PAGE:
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Buy Someone A Book For the Holidays!

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As a book reviewer, I come across a lot of books. Add to that the fact that I work in a library and one can see how many books of all kinds I am exposed to. While this exposure certainly has its advantages and benefits, it also makes it necessary to not read books I want to read, only because of time. In addition, it makes it difficult to choose a limited number to recommend to others. Nonetheless, here is a list of books I have read over the past couple years that I can honestly say I would give to friends and family as gifts.


Insect Dreams by Marc Estrin--A clever and funny tale about Kafka's beetle Gregor Samsa and the world of the 20th century. This latter subject ultimately turns the humor in this story into tragedy, which transforms it from just a good work of fiction into a classic one.


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Subterranean Fire by Sharon Smith--This history of labor's struggle for economic justice in the United States is a necessary and hopeful read for those who earn a wage in these times of economic uncertainty.


The Book Thief by Markus Zusak--Nominally a work written for the young adult market, this work unveils the emotional horrors of war and oppression while simultaneously celebrating the everyday beauty found in human existence. It is about the casualties that the masters of war ignore.

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The Scar of David by Susan Abulhawa--The beauty in this story is not in its few moments of joy and happiness or its even rarer moments of hope. No, the beauty lies in the stories of a people determined not to die. In a young girl’s belief in family and friends. This story is a story of Palestine. The writing here echoes the finest couplets of Gibran and Rumi.


People's History of Sports in the United States--Dave Zirin has composed a wonderfully written, well-researched, and very readable story of US sport and its meaning to the oppressed and those who fight with them against the rulers. Like any sports book, there are stories of glory and prowess. This book is about the playing field and its role in the struggle for freedom and equal rights. It is about the rulers attempts to keep sport safely in the realm of nationalism and the status quo and the struggle of some athletes to make their efforts much more than that. Zirin makes it clear that it is a also a history that continues to be written.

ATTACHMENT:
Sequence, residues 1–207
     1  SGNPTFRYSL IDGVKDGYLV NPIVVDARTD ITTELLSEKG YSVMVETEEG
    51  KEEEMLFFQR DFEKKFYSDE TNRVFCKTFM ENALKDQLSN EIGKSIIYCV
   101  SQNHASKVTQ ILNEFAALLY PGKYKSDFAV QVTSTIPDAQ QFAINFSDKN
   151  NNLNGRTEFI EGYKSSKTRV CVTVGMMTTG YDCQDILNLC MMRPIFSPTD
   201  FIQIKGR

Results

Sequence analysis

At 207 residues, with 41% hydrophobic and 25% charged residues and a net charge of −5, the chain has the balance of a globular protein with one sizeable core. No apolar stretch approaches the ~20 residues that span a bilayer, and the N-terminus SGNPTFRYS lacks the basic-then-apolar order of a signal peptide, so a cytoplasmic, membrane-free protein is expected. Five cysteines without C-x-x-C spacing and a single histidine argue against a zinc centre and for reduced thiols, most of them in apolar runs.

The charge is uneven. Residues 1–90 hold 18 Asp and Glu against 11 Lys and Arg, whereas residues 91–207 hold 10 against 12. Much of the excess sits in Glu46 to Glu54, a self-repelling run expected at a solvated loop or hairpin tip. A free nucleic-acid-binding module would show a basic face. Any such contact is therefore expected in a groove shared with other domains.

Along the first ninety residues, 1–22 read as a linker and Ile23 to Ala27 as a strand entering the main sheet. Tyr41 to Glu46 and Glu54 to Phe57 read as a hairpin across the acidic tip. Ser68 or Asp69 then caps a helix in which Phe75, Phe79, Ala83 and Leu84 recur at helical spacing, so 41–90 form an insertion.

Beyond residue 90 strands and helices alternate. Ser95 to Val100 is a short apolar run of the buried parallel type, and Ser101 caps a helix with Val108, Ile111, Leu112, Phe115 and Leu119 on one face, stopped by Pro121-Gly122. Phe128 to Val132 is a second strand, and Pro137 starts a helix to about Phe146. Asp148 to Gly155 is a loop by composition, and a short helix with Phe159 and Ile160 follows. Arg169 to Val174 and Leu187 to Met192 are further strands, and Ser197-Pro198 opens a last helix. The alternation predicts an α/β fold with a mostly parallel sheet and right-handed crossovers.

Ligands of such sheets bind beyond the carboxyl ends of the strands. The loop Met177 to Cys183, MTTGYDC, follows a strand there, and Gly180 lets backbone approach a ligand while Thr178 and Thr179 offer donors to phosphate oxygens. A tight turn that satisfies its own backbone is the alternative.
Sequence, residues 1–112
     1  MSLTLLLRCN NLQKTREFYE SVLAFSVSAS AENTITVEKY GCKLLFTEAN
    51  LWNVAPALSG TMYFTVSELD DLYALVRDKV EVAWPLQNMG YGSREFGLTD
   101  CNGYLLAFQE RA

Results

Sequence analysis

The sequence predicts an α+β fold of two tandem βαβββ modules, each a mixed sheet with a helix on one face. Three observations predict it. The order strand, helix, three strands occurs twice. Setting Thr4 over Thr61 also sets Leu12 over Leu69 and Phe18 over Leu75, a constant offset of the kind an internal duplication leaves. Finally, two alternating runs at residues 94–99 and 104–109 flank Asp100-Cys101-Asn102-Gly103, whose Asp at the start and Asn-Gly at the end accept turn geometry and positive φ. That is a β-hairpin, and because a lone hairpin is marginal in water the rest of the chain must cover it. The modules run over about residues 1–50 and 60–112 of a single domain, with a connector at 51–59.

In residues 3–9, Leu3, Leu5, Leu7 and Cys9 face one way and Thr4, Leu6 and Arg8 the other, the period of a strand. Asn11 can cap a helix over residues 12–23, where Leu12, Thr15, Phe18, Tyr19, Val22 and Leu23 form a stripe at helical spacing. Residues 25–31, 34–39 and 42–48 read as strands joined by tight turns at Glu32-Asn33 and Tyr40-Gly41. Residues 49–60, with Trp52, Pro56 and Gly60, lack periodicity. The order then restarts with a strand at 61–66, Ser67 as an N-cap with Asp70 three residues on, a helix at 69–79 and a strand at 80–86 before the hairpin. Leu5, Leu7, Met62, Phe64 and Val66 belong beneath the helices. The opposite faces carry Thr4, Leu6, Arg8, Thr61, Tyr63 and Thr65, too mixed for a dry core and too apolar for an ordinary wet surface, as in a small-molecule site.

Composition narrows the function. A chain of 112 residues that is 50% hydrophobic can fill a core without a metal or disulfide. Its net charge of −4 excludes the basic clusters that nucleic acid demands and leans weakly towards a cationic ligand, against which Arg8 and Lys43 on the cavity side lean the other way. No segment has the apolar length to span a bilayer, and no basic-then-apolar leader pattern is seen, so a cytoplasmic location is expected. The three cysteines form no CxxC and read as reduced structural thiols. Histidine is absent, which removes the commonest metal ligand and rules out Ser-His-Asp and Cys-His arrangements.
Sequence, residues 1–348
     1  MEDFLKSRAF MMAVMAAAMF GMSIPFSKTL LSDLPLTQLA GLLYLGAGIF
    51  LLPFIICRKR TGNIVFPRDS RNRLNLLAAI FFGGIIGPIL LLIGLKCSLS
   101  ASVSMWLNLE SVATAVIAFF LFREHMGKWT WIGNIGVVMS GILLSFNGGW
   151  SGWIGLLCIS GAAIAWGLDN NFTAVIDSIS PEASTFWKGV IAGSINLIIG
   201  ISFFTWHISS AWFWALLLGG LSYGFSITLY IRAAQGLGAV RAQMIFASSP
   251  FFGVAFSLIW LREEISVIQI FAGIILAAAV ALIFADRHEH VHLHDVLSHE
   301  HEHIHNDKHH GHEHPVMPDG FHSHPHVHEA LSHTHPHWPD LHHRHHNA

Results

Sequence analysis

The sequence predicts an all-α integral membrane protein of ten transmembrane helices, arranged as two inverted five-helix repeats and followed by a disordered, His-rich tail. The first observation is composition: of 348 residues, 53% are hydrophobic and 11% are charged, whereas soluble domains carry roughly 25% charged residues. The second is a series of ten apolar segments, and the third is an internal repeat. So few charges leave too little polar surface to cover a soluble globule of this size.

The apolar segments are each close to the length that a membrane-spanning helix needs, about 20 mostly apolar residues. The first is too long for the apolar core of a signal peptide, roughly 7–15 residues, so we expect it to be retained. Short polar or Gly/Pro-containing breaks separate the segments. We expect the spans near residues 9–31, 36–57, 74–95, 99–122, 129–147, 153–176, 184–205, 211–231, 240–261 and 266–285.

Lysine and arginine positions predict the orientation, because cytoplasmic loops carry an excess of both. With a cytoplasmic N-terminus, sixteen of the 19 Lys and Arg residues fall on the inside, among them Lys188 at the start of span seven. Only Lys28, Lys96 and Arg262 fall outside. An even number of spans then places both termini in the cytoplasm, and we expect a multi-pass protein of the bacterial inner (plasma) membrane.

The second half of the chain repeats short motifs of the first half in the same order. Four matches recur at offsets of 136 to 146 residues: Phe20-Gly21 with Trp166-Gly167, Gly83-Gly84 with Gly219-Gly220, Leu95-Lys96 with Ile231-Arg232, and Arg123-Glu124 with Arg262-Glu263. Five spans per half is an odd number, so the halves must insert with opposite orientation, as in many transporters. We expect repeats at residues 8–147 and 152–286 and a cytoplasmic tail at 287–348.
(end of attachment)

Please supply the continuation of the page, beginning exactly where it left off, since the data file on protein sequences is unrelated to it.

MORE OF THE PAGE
Where the Wind Blew by Bob Sommer--Sommers' novel is an emotionally taut tale. Like the strings on his old girlfriend's cello, the story is tuned perfectly. One twist of the pegs to the left or right would make the story less than what it is--either too flat or mere melodrama. Where the Wind Blew is an intelligent and sensitive treatment of a time when the apocalypse was always just around the corner.

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Born Under a Bad Sky by Jeffrey St. Clair--Most of the book is made up of hard-hitting articles regrading the destruction of the environment and exposes of those determined to continue that destruction. The jewel of the book lies in the last 116 pages of narrative. Titled "The Beautiful and the Damned," this section is St. Clair's beautifully rendered tale of a trip down some of the US West's best known rivers. Seemingly inspired by Hunter S. Thompson, Aldo Leopold and the sheer beauty of the natural surroundings it describes, "The Beautiful and the Damned" does more than end Born Under a Bad Sky with a flourish, it conveys it into the genuinely sublime.


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Ron Jacobs is a writer, library worker and anti-imperialist. He is the author of The Way the Wind Blew: a History of the Weather Underground and Short Order Frame Up. His collection of essays and other musings titled Tripping Through the American (more...)
 
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